Monday 6 February 2017

Rereadathon #5: Day 2 Mini-Challenge - That One Book.

I think we all have that one book. It's more than just something we read and loved, more even than an obsession. This particular book spoke to us personally, came to life within us and is something we've carried around with us ever since. Maybe we found ourselves represented within the pages for the first time, or the best time, and realised the power of an author to get inside our heads. Or perhaps we simply found it at just the right time and it helped us through a difficult time. This is the book that made us.

For today's mini-challenge, I'd like you to tell me what your "one book" is, and to create a visual representation of it. You can use a photograph, a collage, selfie, MS paint, doodles, stick figures or Lego bricks; be as arty or as plain, literal or abstract as you like. Then leave a link to your blog, Twitter, Instagram, Youtube or other post so I can come and see what you've done.

For me, (and I can see Bex smiling because she knows what I'm going to say) there can be only one choice. There have been a handful of books that have really changed my life, but the first one, the one that has been with me constantly throughout the last twentymumble years, is Lucy Maud Montgomery's Anne of Green Gables. I was bought the first two books in an omnibus edition when I was about eight years old, and its heroine, the fiery, imaginative and scatterbrained Anne Shirley was the first time I felt that a character was real and alive, a true "kindred spirit," and it really didn't matter that I was flesh and blood while she was ink and paper.

I'm cheating a bit with my picture, as it is a notebook that I covered a long time ago. (Though it's my challenge, I make the rules, and therefore I say it's not cheating. You can absolutely use something you made earlier.)

Monday Stats:

\Books read from: Rainbow Valley by L. M. Montgomery
Pages read: 67
Total books finished: 1
What else have I been up to: Dug an old writing project out of mothballs and pulled together all the false starts, notes and outlines into one place/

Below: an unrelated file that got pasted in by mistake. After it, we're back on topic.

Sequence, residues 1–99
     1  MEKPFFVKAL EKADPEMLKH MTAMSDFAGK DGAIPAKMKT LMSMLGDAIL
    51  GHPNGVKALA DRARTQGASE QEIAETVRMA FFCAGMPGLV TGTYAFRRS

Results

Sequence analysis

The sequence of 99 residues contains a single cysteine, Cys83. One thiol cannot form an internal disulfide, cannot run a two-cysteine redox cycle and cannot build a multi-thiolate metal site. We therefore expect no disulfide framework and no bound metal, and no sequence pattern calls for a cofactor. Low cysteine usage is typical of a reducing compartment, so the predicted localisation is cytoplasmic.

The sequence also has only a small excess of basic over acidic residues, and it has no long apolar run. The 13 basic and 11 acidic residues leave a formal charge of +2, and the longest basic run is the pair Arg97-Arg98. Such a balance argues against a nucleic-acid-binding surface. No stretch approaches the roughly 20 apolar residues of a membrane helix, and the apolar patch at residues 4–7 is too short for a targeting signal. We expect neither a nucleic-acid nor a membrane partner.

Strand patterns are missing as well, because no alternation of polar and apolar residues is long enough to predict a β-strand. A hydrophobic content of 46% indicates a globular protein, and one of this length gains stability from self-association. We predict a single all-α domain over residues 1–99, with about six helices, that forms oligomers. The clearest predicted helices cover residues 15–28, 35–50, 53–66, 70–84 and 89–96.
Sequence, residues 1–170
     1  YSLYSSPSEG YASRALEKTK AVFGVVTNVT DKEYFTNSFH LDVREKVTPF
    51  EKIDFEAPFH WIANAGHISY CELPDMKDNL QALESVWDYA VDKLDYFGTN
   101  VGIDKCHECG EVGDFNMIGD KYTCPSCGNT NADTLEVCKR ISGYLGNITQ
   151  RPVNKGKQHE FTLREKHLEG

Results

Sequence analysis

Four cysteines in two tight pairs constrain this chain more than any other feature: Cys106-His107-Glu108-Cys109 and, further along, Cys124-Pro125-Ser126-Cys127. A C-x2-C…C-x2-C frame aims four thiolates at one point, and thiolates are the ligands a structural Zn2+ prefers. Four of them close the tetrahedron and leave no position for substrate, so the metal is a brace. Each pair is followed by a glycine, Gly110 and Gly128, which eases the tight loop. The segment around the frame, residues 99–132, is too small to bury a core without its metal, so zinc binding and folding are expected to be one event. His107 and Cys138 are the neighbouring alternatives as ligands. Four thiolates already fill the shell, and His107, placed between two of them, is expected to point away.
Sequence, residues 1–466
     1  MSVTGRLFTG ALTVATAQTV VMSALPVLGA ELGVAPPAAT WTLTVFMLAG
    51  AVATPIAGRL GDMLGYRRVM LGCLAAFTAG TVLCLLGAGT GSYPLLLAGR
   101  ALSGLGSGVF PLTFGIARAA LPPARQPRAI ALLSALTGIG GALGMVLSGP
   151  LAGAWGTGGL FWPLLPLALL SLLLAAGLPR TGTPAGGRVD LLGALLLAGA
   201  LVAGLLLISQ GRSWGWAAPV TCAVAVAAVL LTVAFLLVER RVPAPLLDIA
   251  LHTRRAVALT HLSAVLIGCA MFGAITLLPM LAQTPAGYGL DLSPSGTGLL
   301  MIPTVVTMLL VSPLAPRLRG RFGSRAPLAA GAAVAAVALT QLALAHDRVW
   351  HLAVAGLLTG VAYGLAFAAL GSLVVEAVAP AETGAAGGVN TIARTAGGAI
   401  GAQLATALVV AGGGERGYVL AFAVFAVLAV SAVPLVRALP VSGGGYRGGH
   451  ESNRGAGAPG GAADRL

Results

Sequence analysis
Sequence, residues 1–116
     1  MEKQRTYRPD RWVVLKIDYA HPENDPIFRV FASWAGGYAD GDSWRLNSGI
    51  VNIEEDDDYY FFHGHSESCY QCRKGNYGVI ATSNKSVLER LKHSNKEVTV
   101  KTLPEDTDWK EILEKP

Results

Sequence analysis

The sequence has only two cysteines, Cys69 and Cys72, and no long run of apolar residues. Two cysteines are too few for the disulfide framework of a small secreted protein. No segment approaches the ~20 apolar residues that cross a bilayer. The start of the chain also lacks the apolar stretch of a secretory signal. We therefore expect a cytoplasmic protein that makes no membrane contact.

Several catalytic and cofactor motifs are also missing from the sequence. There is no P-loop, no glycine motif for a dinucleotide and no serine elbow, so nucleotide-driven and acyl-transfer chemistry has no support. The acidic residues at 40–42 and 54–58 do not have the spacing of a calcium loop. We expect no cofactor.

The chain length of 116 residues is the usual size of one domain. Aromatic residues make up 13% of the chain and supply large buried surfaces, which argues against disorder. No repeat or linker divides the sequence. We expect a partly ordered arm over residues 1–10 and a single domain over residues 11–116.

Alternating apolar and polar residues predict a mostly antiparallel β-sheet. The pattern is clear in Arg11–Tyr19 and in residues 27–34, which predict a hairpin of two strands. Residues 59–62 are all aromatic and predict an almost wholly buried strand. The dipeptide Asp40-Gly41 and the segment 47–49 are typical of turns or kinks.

1. I read Ballet Shoes when I was 6. It was the first proper book I read and I was inspired to read it by the TV adaptation in the early 70s (so, sucks to those who think TV *stops* kids reading). It showed me a time and a place and a world which were all totally new to me and I was completely absorbed. I loved the Fossil sisters -still do - they became my friends at a time when I had changed schools and felt a bit lost.

    I gave never been able to decide my answer to the closing question, if other girls had to choose which one of us to be, I wonder which one they'd choose (not an exact quote). I have mulled this question all my life! This book showed me that Girls Can - there were careers out there, I just needed to find mine. And although luck plays its part in that (as Ballet Shoes makes clear), this is such an important message to receive in childhood. This book inspired me, not to act or engineer or dance, but to look and see.

    Mrs L (having probs posting this, many apologies if my comment ends up here 3 times - my words aren't *that* important!)

    1. Odd, I wrote out a reply and it's not posted either. Stupid Blogger.

      Characters from a book really can be good friends when you need them the most. I haven't read Ballet Shoes in ages. When I was little my mother collected a book-and-magazine partwork collection of children's classics and I read that; the magazine when I was small and then the book when I was a bit less small.


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